'Ex-revenue minister assured hike in income limit for members'
Congress leader and one of the chief promoters of the Adarsh Co-operative Housing Society Kanhaiyalal Gidwani on Friday told the two-member Adarsh inquiry commission that former revenue minister Shivajirao Patil Nilangekar had assured that the state government was considering raising the income limit for the members.india Updated: Aug 27, 2011 02:21 IST
Congress leader and one of the chief promoters of the Adarsh Co-operative Housing Society Kanhaiyalal Gidwani on Friday told the two-member Adarsh inquiry commission that former revenue minister Shivajirao Patil Nilangekar had assured that the state government was considering raising the income limit for the members.
Nilangekwar was chief minister of the state for a brief period, from June 1985 to March 1986.
The raising of the income limit had helped many of the society members, who were earlier found to be ineligible to gain membership into the society.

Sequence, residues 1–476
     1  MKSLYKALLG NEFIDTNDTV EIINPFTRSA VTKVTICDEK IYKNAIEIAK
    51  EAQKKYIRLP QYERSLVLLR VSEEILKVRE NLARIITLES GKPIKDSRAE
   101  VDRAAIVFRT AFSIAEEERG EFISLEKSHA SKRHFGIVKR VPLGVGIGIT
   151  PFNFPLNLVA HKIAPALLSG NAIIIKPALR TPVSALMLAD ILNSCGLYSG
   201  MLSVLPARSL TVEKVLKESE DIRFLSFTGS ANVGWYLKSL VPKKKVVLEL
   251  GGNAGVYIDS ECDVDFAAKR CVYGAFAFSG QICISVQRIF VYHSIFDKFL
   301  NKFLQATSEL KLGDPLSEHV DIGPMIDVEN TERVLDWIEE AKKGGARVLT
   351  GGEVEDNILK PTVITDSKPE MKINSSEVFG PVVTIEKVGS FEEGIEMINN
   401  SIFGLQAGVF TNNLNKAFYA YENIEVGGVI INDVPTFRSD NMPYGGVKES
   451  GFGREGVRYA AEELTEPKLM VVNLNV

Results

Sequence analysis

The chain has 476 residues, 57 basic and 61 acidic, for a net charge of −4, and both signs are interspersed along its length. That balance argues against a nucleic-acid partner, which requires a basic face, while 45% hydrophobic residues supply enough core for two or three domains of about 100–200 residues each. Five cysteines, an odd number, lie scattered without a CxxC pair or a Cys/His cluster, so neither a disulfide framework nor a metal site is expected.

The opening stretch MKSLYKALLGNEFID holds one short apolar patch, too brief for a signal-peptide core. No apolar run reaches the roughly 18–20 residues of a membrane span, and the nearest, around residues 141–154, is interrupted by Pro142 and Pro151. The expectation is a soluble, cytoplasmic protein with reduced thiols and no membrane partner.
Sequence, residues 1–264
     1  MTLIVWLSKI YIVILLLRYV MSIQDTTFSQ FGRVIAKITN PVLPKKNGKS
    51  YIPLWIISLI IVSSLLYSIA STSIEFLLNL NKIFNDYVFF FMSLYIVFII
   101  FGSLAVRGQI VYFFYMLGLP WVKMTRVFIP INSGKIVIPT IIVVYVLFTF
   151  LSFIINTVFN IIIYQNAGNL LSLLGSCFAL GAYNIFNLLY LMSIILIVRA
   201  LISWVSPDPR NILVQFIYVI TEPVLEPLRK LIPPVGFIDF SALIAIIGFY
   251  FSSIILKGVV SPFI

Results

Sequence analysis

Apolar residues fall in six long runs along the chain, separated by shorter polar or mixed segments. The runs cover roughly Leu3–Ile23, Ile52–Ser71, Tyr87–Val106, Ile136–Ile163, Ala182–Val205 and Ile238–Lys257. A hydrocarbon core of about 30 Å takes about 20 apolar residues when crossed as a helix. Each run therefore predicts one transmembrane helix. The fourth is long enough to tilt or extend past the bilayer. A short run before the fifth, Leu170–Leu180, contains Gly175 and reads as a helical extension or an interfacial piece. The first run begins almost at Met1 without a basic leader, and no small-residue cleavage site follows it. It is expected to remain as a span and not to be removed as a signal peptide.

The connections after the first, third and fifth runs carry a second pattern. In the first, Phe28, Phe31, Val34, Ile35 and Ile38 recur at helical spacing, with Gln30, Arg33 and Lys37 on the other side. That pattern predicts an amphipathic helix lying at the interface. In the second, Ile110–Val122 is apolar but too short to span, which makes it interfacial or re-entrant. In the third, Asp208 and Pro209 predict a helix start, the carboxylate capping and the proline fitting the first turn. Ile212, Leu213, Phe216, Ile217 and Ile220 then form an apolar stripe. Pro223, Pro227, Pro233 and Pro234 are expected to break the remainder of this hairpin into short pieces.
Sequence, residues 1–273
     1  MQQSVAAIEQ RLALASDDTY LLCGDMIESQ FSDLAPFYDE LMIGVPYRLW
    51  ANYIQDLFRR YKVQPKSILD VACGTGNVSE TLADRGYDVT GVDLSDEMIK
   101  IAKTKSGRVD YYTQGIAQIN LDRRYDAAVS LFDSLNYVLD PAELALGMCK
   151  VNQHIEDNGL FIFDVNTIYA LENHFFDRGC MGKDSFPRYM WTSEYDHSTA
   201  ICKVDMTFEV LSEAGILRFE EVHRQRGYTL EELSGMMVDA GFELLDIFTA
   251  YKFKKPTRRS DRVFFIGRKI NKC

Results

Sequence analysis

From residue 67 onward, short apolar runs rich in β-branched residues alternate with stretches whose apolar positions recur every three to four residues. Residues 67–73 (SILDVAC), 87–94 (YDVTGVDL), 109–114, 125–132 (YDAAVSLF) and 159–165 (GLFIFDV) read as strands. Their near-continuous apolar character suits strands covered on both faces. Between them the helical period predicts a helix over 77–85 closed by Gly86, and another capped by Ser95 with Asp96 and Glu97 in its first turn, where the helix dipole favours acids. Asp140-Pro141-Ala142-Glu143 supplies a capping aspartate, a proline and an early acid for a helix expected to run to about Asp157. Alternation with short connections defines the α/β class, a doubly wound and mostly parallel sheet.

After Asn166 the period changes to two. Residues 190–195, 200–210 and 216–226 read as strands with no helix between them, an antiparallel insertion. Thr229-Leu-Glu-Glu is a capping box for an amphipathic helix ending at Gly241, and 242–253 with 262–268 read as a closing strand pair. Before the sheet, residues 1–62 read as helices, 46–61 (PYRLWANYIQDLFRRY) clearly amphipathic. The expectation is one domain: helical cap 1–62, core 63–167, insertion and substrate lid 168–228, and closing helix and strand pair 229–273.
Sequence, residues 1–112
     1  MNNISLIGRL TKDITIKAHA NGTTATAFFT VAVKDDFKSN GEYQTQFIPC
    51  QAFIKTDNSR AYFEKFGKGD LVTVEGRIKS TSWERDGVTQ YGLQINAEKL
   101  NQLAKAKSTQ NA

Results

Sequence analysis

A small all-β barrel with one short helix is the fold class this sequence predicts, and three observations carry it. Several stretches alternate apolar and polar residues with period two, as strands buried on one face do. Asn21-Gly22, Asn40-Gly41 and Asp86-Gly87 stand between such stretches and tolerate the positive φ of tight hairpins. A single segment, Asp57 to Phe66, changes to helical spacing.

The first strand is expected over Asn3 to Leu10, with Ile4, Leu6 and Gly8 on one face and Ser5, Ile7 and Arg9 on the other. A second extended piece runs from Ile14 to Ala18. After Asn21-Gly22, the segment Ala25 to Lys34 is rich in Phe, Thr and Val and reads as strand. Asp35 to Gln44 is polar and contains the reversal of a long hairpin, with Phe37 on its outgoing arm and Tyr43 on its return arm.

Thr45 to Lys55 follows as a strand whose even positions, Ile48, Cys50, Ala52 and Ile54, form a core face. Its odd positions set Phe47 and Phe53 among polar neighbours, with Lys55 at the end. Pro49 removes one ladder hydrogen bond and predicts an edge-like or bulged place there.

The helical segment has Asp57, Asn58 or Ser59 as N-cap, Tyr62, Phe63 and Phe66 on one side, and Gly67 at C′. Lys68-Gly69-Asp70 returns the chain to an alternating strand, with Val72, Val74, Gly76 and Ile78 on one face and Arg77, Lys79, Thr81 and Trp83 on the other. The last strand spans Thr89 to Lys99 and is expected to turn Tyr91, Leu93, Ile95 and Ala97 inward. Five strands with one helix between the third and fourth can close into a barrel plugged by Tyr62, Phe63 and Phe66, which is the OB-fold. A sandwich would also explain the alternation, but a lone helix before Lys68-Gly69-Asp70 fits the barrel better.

The state government had stringent rules for allotting land to societies. The state government's GR dated July 1999 had a rule that members should have lived in the state for a minimum 15 years and the income limit for a 650 sq ft flat should be Rs 12,500.
However, many members of the Adarsh Society were found ineligible under this rule.
Out of the initial list of 41 members submitted to the government, only 30 were found eligible.
Gidwani had then written a letter to chief minister Sushilkumar Shinde in July 2003 and revenue minister Nilangekar for amending the 1999 GR and increasing the income limit as "a good gesture to the brave soldiers of the motherland".
In his deposition, Gidwani claimed that on February 2004, Nilangekar had written to him stating that the "question of raising the income limit of members was under consideration".
Subsequently, the state government in February 2005 amended the provisions of the GR, raising the income limit to Rs 20,000 and waiving the domicile requirements for certain people.
The former Congress MLC further claimed that the society was aware that it could not accommodate 71 members on the said plot when the state government gave the letter of allotment.
"At the time of taking possession of the land in question, though we were fully aware that the 71 members list could not be accommodated, we took possession," Gidwani said.
The society had later demanded an additional plot of land and also extra FSI for the society.